Vancouver downhill gold medalist Lindsey Vonn was sitting tenth in Aspen after her first giant slalom run of the world cup season, but didn’t have anything left in the tank for her second trip down the mountain after spending two nights in a Vail, Colo. hospital with “severe intestinal pain” earlier this week. She finished a distant 21st.
“I didn’t have the energy I needed to really be competitive,” Vonn told the AP. “It’s been a real fight to even be able to race today. I didn’t have it. I’m a competitor. This isn’t exactly the kind of result I was hoping for. But I have to still keep things in perspective and realize that I was very sick just a few days ago. I’m just happy to be racing again.”
It was the first time Vonn had made it down the giant slalom course without stopping to rest. The four time world champ also earned her first point of the World Cup season Saturday, but will skip the slalom competition on Sunday to conserve her energy and fully recover.
“Eventually, on a course like this, it’s all going to catch up with you,” added Vonn. “Your whole body is going to shut down at some point. I just have to stay positive and keep building.”
Instead Slovenian Tina Maze, who won the giant slalom season opener in Austria last month, took home her second world title of the year Saturday, clocking a two-run time of 1:59.39 to hold off Austria’s Kathrin Zettel and Germany’s Viktoria Rebensburg for the victory.
If Serena Williams is to win a record-tying 24th Grand Slam singles title at the French Open, she may have to go through her older sister in the fourth round.
Williams, the sixth seed, could play Venus Williams in the round of 16 at Roland Garros, which begins Sunday.
Serena opens against countrywoman Kristie Ahn, whom she beat in the first round at the U.S. Open. Serena could then get her U.S. Open quarterfinal opponent, fellow mom Tsvetana Pironkova of Bulgaria, in the second round.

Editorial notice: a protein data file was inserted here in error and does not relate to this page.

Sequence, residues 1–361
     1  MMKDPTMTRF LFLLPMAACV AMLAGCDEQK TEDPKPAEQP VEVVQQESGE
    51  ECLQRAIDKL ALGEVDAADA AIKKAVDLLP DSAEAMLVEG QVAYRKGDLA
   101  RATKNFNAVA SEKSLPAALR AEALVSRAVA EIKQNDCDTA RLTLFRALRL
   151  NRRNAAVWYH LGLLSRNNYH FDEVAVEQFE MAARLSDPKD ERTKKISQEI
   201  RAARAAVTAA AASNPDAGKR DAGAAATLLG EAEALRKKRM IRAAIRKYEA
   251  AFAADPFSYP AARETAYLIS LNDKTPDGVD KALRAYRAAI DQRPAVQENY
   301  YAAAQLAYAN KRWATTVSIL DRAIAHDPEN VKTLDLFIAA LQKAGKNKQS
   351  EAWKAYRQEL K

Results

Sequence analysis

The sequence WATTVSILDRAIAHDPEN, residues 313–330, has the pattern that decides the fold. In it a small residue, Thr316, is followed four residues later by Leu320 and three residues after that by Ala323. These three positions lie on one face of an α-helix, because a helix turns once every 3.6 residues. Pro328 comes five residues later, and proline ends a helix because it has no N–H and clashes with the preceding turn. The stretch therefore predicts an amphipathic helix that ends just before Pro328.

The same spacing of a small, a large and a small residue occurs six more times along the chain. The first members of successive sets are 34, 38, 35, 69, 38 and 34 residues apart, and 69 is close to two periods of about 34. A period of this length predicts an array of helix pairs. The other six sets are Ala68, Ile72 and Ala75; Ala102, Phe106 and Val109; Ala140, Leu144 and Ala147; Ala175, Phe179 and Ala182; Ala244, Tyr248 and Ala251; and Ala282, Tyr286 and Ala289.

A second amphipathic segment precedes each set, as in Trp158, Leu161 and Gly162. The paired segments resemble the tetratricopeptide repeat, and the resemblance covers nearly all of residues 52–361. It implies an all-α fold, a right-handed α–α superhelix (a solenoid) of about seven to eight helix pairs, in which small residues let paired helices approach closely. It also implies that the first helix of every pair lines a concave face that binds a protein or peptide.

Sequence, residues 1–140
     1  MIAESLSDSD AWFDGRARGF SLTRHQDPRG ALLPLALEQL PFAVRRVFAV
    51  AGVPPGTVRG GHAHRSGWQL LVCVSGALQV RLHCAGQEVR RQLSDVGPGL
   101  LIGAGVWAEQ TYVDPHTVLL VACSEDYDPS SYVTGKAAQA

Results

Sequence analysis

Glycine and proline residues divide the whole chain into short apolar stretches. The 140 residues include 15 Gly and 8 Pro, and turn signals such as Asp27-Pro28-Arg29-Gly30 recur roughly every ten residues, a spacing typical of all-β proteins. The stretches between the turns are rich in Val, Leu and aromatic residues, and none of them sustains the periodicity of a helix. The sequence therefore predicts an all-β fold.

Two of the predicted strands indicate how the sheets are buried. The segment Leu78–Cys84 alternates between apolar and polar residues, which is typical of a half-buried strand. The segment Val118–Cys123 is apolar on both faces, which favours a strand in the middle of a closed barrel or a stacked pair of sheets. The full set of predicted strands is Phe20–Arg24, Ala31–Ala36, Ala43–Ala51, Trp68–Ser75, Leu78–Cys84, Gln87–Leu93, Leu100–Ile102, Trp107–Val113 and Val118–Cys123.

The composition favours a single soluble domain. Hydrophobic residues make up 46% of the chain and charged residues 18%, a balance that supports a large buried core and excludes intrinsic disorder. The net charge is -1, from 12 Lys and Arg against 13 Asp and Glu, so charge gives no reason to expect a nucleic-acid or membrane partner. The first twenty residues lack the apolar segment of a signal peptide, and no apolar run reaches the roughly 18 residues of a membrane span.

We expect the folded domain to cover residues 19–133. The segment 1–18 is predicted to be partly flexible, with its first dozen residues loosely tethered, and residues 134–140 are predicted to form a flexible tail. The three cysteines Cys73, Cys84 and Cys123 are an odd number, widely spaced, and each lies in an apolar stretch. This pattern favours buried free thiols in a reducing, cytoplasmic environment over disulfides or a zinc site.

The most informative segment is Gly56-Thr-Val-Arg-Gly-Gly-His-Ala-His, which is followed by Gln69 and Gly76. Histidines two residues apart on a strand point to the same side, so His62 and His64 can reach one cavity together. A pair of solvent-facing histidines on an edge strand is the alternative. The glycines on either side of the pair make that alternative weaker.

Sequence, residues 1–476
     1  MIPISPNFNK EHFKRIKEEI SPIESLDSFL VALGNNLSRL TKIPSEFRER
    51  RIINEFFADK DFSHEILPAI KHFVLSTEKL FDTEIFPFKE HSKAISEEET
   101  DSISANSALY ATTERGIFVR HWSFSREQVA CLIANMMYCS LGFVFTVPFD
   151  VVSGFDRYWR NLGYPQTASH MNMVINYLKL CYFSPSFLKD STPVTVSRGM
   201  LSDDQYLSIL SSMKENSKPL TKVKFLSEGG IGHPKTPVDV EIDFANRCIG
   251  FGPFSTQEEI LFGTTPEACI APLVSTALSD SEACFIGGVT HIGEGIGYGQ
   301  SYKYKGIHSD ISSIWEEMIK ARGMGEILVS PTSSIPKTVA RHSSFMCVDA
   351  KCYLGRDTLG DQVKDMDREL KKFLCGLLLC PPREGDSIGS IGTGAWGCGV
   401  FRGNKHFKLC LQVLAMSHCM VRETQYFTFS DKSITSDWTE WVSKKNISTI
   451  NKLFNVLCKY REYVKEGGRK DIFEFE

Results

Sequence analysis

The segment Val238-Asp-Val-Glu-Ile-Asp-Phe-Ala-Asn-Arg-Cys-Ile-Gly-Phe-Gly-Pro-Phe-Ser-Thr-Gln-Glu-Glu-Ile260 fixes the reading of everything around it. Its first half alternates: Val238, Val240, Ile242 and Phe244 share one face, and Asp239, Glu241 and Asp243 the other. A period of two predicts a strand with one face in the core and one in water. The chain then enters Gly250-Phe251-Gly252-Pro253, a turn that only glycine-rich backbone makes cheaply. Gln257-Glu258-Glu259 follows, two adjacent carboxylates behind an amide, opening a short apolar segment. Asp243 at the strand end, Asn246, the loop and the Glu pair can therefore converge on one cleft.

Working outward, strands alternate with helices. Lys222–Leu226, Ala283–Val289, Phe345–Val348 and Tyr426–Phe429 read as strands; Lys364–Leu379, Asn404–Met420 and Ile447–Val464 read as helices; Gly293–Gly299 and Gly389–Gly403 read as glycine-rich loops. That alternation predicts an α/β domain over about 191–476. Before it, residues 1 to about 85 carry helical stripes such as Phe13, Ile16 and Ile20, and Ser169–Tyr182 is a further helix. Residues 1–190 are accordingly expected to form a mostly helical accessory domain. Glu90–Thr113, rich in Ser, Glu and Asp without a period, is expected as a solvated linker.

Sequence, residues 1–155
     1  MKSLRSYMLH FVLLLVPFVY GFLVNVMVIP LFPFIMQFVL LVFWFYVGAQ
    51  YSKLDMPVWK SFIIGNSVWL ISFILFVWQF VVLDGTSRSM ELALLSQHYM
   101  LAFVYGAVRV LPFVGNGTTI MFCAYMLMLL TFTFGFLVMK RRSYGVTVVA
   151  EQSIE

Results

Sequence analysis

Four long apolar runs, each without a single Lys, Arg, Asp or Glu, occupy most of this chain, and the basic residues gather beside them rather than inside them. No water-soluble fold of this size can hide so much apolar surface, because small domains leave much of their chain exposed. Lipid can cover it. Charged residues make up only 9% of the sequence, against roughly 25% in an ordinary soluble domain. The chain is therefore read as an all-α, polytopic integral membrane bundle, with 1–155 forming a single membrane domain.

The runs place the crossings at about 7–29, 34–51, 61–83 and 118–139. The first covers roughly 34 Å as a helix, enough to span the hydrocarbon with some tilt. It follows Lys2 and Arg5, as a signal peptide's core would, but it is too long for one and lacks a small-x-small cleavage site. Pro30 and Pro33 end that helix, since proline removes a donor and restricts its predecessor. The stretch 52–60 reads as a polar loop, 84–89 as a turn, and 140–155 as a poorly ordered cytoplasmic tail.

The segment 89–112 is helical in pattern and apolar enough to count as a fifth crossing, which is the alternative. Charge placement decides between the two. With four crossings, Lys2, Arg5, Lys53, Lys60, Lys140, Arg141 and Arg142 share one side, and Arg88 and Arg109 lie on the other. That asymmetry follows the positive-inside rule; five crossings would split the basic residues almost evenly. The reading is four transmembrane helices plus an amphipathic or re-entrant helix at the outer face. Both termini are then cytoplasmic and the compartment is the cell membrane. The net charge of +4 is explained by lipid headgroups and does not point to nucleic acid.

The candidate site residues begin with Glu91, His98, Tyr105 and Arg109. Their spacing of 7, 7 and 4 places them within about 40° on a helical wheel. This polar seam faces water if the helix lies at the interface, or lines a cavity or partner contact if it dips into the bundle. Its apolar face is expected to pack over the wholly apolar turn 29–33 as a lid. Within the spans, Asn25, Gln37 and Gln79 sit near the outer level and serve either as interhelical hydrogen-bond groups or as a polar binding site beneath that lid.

If Venus is to reach the fourth round, she must potentially get past U.S. Open runner-up Victoria Azarenka in the second round. Azarenka beat Serena in the U.S. Open semifinals, ending the American’s latest bid to tie Margaret Court‘s major titles record.
Venus lost in the French Open first round the last two years.
The French Open top seed is 2018 champion Simona Halep, who could play 2019 semifinalist Amanda Anisimova in the third round.
Coco Gauff, the rising 16-year-old American, gets 2019 semifinalist Jo Konta of Great Britain in the first round in the same quarter of the draw as Halep.
The field lacks defending champion Ash Barty of Australia, not traveling due to the coronavirus pandemic.
Also out: U.S. Open winner Naomi Osaka, citing a sore hamstring and tight turnaround from prevailing in New York two weeks ago.
Rafael Nadal was put into the same half of the French Open draw as fellow 2018 and 2019 finalist Dominic Thiem of Austria, with top-ranked Novak Djokovic catching a break.
Nadal, trying to tie Roger Federer‘s male record 20 Grand Slam singles titles, could play sixth-seeded German Alexander Zverev in the quarterfinals before a potential clash with Thiem, who just won the U.S. Open.
Djokovic, who is undefeated in 2020 save being defaulted out of the U.S. Open, could play No. 7 seed Matteo Berrettini of Italy in the quarterfinals before a possible semifinal with Russian Daniil Medvedev.
Medvedev is the fourth seed but is 0-3 at the French Open. Another possible Djokovic semifinal opponent is fifth seed Stefanos Tsitsipas of Greece, who reached the fourth round last year.
The most anticipated first-round matchup is between three-time major champion Andy Murray and 2015 French Open champion Stan Wawrinka. In Murray’s most recent French Open match, he lost in five sets to Wawrinka in the 2017 semifinals.